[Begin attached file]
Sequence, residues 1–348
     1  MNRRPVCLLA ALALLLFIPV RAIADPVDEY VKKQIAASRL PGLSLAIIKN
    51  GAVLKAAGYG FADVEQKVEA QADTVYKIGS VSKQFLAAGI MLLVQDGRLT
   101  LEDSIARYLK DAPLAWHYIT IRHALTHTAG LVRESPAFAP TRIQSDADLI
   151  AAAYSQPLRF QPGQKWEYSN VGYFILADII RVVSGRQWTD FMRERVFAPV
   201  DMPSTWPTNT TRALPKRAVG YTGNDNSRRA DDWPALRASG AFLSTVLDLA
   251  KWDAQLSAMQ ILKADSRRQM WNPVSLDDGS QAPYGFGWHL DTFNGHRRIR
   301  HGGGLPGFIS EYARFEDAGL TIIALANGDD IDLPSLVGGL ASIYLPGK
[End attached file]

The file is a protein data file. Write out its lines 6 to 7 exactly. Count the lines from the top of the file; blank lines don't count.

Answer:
   201  DMPSTWPTNT TRALPKRAVG YTGNDNSRRA DDWPALRASG AFLSTVLDLA
   251  KWDAQLSAMQ ILKADSRRQM WNPVSLDDGS QAPYGFGWHL DTFNGHRRIR